March 23, 2019
FORT MYERS, Fla. — When the Red Sox made a blockbuster trade with the White Sox for Chris Sale in December 2016, the only guarantee was that they’d have the powerful lefty for three seasons. The marriage between the ace pitcher and the defending World Series champions will extend far beyond that.
The Red Sox officially signed Sale on Saturday to a five-year, $145 million contract extension. Sale will earn his $15 million club option this season, and the new deal will start in ’20 and run through the ’24 season.
“I think me and Izzy were picking his brain the first day we were out there, already,” Trevino said. “He probably didn’t know our names yet, and we were like ‘Hey, why are you doing this? Why are you doing that?'”
Catching school is now open in Rangers camp with Mathis as the head instructor. Mathis is a 14-year veteran with an outstanding reputation for defense and working with pitchers. The Rangers signed him to a two-year deal to be their No. 1 catcher, but also to mentor Kiner-Falefa, Trevino and other young catchers in the organization.
Look bro, when @NickSwisher came in studio, bro… we finally locked down how he started to say "bro" all the time, bro. Including at the #MLBDraft this year, bro, when he announced the @Yankees pick, bro, who just happened to be named Breaux: pic.twitter.com/3Un8SoysNU
— Rich Eisen Show (@RichEisenShow) July 7, 2018
WEST PALM BEACH, Fla. — As Brian McCann squatted behind home plate in November at Dodger Stadium, waiting for Corey Seager to get set in the batter’s box, he looked out at pitcher Charlie Morton and had a moment.
They were about to clinch the Houston Astros’ first World Series title, but McCann was not thinking about the here and now. He was thinking back some 16 years earlier, when he and Morton met for the first time — as sinewy, fresh-faced teenagers who had traveled across the country to play in a showcase tournament.
Braves legend tallies 10th-highest percentage in balloting history
ATLANTA — Though he was certain he was going to receive the hallowed call, Chipper Jones tossed and turned as he experienced a restless night and attempted to calm the excitement he felt when he received confirmation he now has the distinction of being a first-ballot Hall of Famer.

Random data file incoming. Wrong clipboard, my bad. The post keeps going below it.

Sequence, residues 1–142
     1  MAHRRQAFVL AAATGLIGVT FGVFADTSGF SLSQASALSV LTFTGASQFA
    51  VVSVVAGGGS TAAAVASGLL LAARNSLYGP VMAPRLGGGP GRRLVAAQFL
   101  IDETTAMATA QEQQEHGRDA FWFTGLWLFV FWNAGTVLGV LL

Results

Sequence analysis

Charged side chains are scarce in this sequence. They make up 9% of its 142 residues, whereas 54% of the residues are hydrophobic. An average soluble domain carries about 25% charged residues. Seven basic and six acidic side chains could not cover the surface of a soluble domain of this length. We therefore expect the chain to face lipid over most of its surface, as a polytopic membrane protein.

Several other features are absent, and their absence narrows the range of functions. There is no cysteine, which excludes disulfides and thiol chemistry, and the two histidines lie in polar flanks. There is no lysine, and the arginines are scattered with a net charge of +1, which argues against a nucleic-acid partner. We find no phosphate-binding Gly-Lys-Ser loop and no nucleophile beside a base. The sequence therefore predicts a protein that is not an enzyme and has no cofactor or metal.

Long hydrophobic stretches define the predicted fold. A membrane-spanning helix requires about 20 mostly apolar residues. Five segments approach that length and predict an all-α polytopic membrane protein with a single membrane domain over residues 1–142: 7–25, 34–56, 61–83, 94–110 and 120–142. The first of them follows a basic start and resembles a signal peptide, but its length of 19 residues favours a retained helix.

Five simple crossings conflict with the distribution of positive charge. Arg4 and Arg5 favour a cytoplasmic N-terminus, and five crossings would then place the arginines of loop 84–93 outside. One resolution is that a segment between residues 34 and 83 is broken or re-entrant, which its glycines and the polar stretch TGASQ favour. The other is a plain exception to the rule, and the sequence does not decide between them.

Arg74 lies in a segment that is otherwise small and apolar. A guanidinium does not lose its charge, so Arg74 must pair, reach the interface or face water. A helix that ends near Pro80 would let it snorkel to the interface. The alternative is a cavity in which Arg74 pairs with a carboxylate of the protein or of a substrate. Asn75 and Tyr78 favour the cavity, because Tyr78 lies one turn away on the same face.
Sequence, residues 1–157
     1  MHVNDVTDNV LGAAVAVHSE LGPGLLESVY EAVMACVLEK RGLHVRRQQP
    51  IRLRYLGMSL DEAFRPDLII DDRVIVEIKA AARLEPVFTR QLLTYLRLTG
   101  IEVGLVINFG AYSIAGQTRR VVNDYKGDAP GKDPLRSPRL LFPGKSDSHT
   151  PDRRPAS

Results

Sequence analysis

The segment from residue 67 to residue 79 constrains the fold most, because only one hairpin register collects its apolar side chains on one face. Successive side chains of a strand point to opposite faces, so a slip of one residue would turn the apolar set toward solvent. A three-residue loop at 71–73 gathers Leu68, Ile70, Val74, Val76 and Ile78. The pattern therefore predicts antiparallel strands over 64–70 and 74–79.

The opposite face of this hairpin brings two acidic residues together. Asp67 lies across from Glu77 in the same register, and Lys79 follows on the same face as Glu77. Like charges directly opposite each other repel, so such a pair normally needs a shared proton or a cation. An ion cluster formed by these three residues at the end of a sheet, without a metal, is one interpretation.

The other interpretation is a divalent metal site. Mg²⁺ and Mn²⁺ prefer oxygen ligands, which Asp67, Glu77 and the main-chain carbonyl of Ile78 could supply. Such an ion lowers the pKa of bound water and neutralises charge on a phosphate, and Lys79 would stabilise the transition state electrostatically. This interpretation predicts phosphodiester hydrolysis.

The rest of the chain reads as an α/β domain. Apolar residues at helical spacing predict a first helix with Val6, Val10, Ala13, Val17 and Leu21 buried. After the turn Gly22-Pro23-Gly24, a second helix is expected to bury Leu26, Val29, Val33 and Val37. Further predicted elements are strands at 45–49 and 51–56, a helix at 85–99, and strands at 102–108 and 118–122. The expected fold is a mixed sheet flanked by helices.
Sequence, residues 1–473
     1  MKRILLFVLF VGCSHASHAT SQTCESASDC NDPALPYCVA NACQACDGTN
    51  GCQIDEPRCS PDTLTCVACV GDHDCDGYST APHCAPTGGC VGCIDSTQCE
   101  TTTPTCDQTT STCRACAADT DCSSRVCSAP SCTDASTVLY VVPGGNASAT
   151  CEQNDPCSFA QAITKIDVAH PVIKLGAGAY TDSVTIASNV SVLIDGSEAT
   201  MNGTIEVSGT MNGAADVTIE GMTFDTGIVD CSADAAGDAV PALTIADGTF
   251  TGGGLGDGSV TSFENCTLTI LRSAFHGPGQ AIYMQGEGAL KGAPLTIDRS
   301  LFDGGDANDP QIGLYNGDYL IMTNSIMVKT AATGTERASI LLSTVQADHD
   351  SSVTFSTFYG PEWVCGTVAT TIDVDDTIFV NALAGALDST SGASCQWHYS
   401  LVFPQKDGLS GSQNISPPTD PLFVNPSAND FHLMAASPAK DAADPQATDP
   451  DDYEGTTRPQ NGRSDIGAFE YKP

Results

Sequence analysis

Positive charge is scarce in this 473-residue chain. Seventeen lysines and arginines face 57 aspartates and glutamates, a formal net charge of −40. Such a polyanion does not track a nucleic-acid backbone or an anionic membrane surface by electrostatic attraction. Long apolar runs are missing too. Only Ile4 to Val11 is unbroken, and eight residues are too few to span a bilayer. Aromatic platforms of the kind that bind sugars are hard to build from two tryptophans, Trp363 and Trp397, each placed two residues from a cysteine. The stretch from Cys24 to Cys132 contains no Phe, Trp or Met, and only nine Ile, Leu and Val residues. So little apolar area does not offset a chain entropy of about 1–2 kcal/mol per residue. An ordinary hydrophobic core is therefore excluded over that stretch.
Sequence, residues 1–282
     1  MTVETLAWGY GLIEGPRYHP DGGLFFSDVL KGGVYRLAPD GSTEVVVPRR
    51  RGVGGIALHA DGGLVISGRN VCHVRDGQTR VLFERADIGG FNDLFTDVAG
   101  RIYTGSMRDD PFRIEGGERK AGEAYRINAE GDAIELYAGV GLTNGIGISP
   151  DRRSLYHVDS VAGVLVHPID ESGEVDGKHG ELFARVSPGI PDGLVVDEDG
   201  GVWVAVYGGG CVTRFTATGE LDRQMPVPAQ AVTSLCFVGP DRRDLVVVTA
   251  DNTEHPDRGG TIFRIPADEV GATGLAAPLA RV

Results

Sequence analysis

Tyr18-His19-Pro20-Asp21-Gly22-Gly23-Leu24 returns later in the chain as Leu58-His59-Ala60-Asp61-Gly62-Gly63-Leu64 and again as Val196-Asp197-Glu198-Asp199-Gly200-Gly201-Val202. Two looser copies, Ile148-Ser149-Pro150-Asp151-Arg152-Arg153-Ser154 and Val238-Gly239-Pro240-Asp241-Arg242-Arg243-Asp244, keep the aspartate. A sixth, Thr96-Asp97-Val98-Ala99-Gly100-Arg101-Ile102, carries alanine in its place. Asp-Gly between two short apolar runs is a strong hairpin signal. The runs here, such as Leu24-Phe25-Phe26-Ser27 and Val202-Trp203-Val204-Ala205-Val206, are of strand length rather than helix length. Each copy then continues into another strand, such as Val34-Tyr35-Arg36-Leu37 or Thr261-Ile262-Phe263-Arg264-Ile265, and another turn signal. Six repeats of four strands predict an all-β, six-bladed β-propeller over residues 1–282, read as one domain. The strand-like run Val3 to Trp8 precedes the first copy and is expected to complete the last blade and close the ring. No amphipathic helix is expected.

“I knew today was going to be a day that could possibly change my life forever,” Jones said. “You have a handful of instances where something happens that will change your life, with marriages and kids. But professionally, being drafted No. 1 overall in 1990 changed my life forever. Today was another instance where my life will never be the same.”
Staying in touch with closer Wade Davis about a possible return is no longer an option for the Cubs.
Whether signing a closer with a proven ninth-inning track record remains an option for them is doubtful at best. The Cubs still are seeking a frontline starter, and Davis’ three-year, $52 million deal with the Rockies set a record-high bar for the closer market.
The $17.3 million average annual value of Davis’ contract breaks the old record of $17.2 million Aroldis Chapman got when he signed with the Yankees last winter and would seem to put ex-Rockies closer Greg Holland, the top free-agent closer remaining, well beyond the Cubs’ comfort level for a reliever.
Indians ace also earned Cleveland BBWAA honor in ’14
CLEVELAND — Corey Kluber has rewritten several sections of the Indians’ record book with his pitching prowess over the past few seasons. His latest campaign led to his second career American League Cy Young Award — something no player had achieved before in Cleveland’s long, storied history.
For his work, Kluber has been named the recipient of the 2017 Bob Feller Man of the Year Award as voted by the Cleveland chapter of the Baseball Writers’ Association of America, honoring the pitcher as the Indians’ top player for this past season. Kluber, who also won the award in ’14, became the first starting pitcher since Gaylord Perry (1972, ’74) to take home the honor twice.
“The No. 1 responsibility of a starting pitcher is to be reliable,” Kluber said after winning the AL Cy Young Award last month. “But then also, not just taking the ball, but taking the ball and going out there and giving the team a chance to win. Aside from any statistics, I think that, to me, is what I try to judge things on.”